A coalition of labor groups and lawmakers seeking to raise public awareness about the issues impacting New York’s infrastructure continued its campaign today in the Capital Region with a news conference in Wynantskill.
"Our message today is simple yet powerful. Parity. Parity. Parity." That's New York State Senator Kathy Marchione, a Republican from the 43rd district, emphasizing Thursday’ buzzword. Rebuild NY Now is sounding the alarm, saying the state’s infrastructure is aging and falling apart and local communities hunger for their fair share of state support.
Mike Elmendorf is President and CEO of Rebuild New York Now : "You cannot be open for business if your roads and bridges are closed. And I don't think it could be any clearer than that. And you know the governor himself has pointed out that we have 6,000 bridges and 60 percent of our roads that are in need of repair. That is clearly not the blueprint for economic growth or development or opportunity in any way, shape or form. And that's why this is the year that we have to restore parity. And again, to be real clear, parity is equal. That's what the word mean in the dictionary, and that's what the word when you had parity, until you didn't."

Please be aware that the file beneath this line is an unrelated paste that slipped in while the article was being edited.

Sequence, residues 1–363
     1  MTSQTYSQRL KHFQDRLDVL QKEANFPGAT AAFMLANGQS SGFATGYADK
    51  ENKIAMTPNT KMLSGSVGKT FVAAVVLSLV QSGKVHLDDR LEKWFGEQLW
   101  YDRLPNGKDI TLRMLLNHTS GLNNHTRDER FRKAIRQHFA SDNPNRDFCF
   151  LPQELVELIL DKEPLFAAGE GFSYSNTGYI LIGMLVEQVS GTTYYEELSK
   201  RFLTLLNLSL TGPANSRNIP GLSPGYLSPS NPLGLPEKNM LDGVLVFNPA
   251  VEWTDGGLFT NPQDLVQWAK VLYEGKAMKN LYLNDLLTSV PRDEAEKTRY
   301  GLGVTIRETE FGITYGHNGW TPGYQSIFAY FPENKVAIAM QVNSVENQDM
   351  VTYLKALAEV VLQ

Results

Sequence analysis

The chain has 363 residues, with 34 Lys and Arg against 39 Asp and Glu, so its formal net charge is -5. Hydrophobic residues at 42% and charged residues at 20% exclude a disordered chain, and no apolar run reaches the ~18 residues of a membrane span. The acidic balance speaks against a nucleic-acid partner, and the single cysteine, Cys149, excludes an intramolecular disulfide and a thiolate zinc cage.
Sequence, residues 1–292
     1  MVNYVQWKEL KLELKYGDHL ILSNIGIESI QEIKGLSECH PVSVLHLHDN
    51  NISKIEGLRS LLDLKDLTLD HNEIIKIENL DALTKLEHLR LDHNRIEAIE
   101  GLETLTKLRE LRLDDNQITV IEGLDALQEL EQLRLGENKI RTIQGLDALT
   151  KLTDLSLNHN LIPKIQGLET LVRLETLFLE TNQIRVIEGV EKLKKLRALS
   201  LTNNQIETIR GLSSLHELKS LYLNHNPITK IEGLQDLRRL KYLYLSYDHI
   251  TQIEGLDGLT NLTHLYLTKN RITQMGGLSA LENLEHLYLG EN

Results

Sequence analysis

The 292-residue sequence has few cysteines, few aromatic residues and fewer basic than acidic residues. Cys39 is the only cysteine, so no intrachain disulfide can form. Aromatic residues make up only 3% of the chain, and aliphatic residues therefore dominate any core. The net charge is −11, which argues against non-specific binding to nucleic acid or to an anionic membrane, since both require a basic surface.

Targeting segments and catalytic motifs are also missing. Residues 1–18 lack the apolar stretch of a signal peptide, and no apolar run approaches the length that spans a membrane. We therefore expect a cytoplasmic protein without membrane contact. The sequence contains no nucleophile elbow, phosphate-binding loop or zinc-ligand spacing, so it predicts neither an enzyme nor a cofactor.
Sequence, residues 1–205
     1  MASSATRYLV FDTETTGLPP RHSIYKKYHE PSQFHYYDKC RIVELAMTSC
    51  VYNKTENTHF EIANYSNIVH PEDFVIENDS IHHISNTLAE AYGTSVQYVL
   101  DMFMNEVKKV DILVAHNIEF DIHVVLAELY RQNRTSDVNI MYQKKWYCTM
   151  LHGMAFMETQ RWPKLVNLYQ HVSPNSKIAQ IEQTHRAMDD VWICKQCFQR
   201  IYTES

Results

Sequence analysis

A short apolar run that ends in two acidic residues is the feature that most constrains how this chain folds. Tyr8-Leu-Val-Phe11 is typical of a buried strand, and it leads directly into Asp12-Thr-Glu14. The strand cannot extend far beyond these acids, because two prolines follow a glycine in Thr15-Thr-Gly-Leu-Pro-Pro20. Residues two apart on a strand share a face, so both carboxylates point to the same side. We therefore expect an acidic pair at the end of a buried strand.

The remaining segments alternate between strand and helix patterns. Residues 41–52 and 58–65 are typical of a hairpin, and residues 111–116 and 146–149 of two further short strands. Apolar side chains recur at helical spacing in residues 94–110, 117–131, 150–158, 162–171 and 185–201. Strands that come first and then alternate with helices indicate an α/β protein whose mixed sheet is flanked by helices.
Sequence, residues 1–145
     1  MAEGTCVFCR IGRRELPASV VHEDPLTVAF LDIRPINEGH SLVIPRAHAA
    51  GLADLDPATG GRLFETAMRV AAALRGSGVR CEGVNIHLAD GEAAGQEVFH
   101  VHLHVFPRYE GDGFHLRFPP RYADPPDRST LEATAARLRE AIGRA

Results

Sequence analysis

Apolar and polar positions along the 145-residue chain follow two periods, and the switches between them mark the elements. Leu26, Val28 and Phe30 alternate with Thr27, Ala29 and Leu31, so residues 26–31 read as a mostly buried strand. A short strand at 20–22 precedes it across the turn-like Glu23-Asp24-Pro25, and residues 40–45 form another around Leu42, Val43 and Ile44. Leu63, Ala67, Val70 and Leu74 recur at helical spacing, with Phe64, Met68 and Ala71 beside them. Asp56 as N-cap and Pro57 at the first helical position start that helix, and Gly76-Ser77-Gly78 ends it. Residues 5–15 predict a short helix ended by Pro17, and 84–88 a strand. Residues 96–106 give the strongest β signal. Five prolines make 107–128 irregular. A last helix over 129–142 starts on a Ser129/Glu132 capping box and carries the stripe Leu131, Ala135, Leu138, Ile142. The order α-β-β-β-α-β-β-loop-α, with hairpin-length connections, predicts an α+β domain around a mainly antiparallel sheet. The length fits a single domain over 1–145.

Rebuild NY Now says the $26.1 billion proposed in the executive budget for the MTA and the $20.1 billion for DOT is not only not parity, it is the largest disparity in funding between the two systems ever.
Bernie Meyer is the Highway Superintendent in the Columbia County Town of Canaan. He says that in 1990 a dedicated highway and bridge fund was established, funded by a gas tax and registration fees. Meyer notes the fund was siphoned. "It went for anything but capital projects. And that's what it was set up for. Capital projects. But snow and ice removal is not capital, that's maintenance, and unfortunately that's how it became watered down and diluted to the point where now that fund is not defunct but certainly underfunded and insolvent. That's why we're here today, because the funding that was established for these purposes isn't there."
There have been several recent instances of infrastructure failure in the Albany area. Most notably the water main that burst in Troy's Lansingburgh neighborhood and a sewer line collapse on Campbell Avenue. Mayor Patrick Madden: "We are always seeking money for infrastructure improvements and the state of New York is working very closely with us, EFC Environmental Facilities Corporation, on both replacement of the water line that broke and then on another project down around Monument Square, which is a green infrastructure improvement."
East Greenbush Town Supervisor Jack Conway says infrastructure is top priority for the health and well-being of any community. "We're on our knees right now. We need help. We're asking for it..."
The pricetag to fully restore New York's infrastructure: $46 billion.
The state budget is due by the end of the month.
In his budget proposal given during the State of the State speech in January, Governor Andrew Cuomo said he was committed to achieving parity between the MTA and DOT.